I totally am stealing this from a recent Steep and Cheep email - I admit it, but it was too good and true not to pass along.
"If you don't like a book someone recommended, keep it to yourself. They won't take it well when you tell them it was bad, and they'll be especially upset if you launch into a well-reasoned explanation supported with literary precedent. I learned this not when I compared the Poisonwood Bible to a doorstop, but when the friend who had recommended the Poisonwood Bible responded with a dismissive shrug when I asked what he thought of a book I'd loaned him. Books take so much of an investment in time that I think they form a bit of a cognitive dissonance for their readers. Unless you quit reading halfway through, it's like you've invested so much time in the book that it had better be good. Taking a particular liking to a book is similar to finding a song you enjoy deeply--there's something about it that resonates with you. So when someone comes back with a negative review of a book you like, it's more like it informs your differences with the person than your taste in books. And that person can never be trusted again."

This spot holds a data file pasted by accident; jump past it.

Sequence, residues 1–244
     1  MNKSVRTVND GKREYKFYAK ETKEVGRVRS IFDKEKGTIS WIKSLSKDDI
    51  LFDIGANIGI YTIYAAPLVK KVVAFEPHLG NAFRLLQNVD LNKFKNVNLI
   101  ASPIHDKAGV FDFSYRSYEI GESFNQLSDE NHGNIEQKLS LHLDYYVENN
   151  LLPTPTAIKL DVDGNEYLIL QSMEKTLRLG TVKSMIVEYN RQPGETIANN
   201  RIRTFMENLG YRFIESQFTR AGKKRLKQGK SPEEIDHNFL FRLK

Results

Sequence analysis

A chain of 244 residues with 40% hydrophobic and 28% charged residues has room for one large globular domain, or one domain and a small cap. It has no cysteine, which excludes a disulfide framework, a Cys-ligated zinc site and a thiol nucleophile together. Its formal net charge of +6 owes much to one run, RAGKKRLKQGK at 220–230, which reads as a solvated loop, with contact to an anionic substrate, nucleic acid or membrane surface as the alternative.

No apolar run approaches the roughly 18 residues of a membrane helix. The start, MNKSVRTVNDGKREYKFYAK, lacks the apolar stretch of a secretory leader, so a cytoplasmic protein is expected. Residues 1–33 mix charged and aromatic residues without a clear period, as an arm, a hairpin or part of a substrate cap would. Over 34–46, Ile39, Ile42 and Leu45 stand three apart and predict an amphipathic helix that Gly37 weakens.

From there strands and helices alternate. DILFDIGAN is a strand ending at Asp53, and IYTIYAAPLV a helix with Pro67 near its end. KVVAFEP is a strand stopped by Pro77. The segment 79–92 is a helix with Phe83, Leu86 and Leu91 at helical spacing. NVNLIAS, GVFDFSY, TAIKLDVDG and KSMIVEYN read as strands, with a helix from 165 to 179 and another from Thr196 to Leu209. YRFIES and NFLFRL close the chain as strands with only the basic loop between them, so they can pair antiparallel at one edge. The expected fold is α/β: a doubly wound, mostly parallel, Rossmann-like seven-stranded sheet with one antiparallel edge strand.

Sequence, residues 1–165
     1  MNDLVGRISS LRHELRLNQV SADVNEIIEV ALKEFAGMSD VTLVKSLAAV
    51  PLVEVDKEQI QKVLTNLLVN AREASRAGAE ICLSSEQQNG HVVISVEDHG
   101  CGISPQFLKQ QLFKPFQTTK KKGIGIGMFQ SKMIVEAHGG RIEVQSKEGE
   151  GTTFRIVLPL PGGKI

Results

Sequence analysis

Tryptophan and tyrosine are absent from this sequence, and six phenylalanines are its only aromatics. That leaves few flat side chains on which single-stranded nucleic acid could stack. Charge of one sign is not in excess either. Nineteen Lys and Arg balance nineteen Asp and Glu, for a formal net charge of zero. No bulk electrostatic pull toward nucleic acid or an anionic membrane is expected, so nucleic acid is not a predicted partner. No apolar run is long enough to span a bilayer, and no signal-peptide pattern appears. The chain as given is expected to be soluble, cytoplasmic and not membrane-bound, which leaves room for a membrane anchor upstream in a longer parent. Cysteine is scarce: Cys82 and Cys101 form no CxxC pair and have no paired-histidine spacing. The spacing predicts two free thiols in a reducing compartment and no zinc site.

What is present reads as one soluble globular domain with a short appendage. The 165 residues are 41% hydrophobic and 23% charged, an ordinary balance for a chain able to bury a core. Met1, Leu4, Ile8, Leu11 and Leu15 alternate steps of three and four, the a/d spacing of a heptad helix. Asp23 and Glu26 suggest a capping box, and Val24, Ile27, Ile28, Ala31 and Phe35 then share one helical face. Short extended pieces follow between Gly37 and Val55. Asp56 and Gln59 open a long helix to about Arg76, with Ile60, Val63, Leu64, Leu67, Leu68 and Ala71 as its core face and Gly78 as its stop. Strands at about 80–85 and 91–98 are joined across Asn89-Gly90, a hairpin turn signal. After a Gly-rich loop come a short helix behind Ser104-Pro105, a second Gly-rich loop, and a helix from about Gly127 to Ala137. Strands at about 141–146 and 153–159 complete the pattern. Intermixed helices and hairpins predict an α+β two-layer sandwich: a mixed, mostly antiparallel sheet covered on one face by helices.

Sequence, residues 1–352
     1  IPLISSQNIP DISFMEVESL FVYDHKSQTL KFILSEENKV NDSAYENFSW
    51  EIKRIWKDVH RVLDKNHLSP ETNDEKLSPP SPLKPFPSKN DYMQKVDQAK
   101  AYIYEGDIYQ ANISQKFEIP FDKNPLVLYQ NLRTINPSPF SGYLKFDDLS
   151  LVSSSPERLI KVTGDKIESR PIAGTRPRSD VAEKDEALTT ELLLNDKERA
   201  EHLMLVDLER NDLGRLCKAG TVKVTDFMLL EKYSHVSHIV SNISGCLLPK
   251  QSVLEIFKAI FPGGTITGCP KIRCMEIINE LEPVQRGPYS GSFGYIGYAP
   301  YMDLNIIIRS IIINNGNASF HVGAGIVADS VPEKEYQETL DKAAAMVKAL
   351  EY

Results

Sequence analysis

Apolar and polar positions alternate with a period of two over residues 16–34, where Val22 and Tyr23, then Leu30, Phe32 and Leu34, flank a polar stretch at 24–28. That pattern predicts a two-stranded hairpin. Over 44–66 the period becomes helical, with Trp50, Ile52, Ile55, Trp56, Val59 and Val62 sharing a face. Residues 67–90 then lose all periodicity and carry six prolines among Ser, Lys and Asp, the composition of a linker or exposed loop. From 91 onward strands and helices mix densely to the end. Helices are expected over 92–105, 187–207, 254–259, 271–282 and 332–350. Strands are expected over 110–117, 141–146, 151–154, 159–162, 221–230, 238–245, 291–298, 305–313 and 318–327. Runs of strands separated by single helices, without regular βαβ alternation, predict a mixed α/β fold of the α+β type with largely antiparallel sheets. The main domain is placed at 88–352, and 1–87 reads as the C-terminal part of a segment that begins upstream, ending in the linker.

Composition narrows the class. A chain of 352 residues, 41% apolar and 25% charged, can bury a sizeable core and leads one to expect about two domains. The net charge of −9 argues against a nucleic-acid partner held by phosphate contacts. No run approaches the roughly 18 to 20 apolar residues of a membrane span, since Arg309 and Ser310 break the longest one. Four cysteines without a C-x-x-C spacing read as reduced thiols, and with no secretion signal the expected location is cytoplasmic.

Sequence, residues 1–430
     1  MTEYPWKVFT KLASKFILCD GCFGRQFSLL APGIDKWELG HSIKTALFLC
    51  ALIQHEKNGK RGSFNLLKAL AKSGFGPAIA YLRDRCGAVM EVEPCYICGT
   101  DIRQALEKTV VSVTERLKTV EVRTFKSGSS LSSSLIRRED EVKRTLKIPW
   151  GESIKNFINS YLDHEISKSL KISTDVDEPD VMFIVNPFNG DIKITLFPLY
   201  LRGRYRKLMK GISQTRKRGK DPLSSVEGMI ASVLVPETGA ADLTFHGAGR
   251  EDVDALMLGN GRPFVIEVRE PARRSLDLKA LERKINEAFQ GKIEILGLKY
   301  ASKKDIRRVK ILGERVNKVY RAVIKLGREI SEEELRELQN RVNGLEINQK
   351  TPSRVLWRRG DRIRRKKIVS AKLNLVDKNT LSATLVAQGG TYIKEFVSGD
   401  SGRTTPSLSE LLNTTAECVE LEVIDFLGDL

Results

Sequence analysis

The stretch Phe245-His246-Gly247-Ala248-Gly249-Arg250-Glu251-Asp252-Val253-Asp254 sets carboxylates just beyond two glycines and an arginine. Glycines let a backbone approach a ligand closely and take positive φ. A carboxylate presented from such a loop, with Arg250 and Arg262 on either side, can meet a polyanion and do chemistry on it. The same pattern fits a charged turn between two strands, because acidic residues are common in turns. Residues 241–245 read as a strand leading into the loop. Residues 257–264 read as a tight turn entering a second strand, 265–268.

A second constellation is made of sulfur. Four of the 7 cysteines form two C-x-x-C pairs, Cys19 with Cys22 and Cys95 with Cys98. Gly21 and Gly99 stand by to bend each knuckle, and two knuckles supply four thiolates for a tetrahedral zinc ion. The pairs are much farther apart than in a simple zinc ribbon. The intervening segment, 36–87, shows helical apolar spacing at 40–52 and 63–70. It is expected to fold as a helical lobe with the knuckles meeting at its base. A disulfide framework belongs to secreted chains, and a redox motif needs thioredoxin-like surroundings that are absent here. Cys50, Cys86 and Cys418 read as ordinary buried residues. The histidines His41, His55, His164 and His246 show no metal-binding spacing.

Proving yet again, as said in High Fidelity, it is what you like, not what you are like.